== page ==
Adam Spannbauer

Programmer/Data Scientist・Mostly write Python & R・Big fan of OpenCV

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Summarizing Web Articles with R using lexRankr

Published Dec 17, 2017

In this post we’ll be recreating the output of a popular summarization bot using the R package lexRankr.


If you browse reddit you may have come across /u/autotldr, a popular bot that performs article summarization. The bot can be seen in comment sections posting summaries such as the one seen below. A lot of redditors agree the bot does a pretty good job of summarizing (as seen by the 10,048 points the comment earned).

So let’s begin to recreate the output. We’ll just work on replicating the sentences portion of the summary; we won’t go into the extended summary or the keywords. To be able to compare performance with the bot we’ll use the Monsanto banned from European parliament article from the above screenshot.

The 2 main steps of our summarization task are (1) scrape the article’s text & (2) perform the summarization. For step (1) we’ll be using the R packages xml2 & rvest. For step (2) we’ll use the lexRankr package.

Let’s start step (1) of scraping the text to be summarized. For our proof of concept we’ll use a very specific css selector to scrape the text; this strategy will need to be modified if we want to apply our scraper to more articles. In the chunk below we complete step (1) in 3 lines of code (exluding library statements).

#load needed packages
library(xml2)
library(rvest)
library(lexRankr)

#url to scrape
monsanto_url = "https://www.theguardian.com/environment/2017/sep/28/monsanto-banned-from-european-parliament"

#read page html
page = xml2::read_html(monsanto_url)
#extract text from page html using selector
page_text = rvest::html_text(rvest::html_nodes(page, ".js-article__body p"))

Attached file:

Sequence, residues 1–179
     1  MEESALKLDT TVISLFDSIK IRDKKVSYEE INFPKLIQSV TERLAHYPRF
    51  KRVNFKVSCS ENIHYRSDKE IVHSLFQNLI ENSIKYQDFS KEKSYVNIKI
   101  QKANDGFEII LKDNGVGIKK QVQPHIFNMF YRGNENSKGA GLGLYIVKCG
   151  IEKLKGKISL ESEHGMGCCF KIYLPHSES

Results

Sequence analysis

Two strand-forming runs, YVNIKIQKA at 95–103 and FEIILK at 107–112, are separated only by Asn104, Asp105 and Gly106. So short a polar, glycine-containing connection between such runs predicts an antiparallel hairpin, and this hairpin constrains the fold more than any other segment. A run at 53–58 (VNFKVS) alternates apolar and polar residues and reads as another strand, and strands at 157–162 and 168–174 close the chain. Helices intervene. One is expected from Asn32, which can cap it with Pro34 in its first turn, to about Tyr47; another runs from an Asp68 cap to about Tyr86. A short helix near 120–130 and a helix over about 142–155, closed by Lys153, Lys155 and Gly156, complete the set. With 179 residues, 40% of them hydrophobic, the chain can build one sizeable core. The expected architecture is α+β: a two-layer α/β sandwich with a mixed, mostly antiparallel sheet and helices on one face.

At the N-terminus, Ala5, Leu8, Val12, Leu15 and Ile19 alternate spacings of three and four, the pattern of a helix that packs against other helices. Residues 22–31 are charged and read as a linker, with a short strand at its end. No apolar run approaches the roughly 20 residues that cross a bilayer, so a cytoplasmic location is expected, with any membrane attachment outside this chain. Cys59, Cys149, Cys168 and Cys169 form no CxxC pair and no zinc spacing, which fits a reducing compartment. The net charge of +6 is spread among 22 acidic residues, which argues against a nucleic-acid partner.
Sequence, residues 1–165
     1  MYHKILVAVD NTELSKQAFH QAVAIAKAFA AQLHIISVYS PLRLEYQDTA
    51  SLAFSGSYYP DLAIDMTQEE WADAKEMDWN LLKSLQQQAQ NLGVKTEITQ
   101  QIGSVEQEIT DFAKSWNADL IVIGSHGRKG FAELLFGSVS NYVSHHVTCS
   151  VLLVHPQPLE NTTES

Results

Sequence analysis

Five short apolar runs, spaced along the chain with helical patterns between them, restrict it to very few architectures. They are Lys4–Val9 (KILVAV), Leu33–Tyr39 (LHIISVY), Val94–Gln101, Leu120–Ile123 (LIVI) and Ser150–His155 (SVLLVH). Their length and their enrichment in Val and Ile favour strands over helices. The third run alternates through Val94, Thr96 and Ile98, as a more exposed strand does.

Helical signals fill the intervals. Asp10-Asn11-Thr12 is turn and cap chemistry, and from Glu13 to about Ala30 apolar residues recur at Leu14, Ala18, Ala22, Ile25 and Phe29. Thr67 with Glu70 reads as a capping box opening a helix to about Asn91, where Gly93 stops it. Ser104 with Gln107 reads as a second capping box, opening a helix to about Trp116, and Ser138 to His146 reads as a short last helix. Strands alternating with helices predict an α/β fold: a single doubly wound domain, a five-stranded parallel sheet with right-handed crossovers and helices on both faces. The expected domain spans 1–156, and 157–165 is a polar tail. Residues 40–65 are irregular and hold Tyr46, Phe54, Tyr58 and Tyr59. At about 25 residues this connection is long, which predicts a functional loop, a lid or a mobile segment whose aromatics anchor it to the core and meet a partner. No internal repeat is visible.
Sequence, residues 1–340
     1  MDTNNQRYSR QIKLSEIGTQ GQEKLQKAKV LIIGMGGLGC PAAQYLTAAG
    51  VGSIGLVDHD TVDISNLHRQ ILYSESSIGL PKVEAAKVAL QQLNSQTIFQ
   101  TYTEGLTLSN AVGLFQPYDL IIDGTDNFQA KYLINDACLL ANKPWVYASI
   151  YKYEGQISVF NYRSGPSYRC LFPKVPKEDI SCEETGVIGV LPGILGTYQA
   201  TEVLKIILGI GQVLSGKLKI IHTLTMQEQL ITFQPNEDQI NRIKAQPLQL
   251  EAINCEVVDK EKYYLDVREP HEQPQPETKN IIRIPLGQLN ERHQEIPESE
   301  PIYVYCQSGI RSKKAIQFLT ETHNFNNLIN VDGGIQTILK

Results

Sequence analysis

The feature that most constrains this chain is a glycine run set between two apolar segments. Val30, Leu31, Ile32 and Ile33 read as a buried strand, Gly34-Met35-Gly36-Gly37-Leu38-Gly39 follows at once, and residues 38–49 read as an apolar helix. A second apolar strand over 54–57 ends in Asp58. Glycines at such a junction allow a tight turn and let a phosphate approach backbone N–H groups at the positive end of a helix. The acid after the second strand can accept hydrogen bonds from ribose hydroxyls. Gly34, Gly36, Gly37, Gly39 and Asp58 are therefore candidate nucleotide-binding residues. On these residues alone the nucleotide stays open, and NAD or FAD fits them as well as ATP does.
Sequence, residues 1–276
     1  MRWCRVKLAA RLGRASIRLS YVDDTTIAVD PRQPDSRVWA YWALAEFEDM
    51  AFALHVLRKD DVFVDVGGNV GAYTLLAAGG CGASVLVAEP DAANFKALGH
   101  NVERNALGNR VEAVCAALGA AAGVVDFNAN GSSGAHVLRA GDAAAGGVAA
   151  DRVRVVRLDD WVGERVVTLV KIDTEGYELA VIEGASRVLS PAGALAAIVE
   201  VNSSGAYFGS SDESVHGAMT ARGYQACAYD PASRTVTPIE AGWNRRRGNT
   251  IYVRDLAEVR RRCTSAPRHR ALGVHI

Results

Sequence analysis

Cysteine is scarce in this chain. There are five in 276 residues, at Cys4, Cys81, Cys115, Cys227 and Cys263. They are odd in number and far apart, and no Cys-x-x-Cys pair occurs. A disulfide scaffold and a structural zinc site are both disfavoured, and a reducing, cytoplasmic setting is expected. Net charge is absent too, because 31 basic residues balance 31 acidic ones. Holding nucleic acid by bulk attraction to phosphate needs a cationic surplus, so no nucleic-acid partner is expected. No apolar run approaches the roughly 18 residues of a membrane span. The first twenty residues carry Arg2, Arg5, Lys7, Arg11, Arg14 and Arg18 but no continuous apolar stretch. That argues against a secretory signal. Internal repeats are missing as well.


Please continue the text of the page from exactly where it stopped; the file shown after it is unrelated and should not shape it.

Now that we have our text it’s time to complete the task of performing the summarization. To do the summarization we’ll apply the LexRank algorithm. The LexRank algorithm is essentially Google’s PageRank, but instead of using pages as our input we will use sentences. The goal of LexRank is to find the most representative sentences of a corpus. The lexRank() function from lexRankr has an implementation of LexRank that can take our page_text object as input for summarization.

#perform lexrank for top 3 sentences
top_3 = lexRankr::lexRank(page_text,
                          #only 1 article; repeat same docid for all of input vector
                          docId = rep(1, length(page_text)),
                          #return 3 sentences to mimick /u/autotldr's output
                          n = 3,
                          continuous = TRUE)

#reorder the top 3 sentences to be in order of appearance in article
order_of_appearance = order(as.integer(gsub("_","",top_3$sentenceId)))
#extract sentences in order of appearance
ordered_top_3 = top_3[order_of_appearance, "sentence"]

Let’s take a look at our output stored in ordered_top_3:

  • "Monsanto lobbyists have been banned from entering the European parliament after the multinational refused to attend a parliamentary hearing into allegations of regulatory interference."
  • "Monsanto officials will now be unable to meet MEPs, attend committee meetings or use digital resources on parliament premises in Brussels or Strasbourg."
  • "A Monsanto letter to MEPs seen by the Guardian said that the European parliament was not “an appropriate forum” for discussion on the issues involved."

Success! We were able to replicate the exact output of the autotldr bot for this particular article in less than 10 lines of R code!

Note: The bot is still taking on a greater challenge than what was done in this post since we had the advantage of using a hardcoded css selector for just this one article.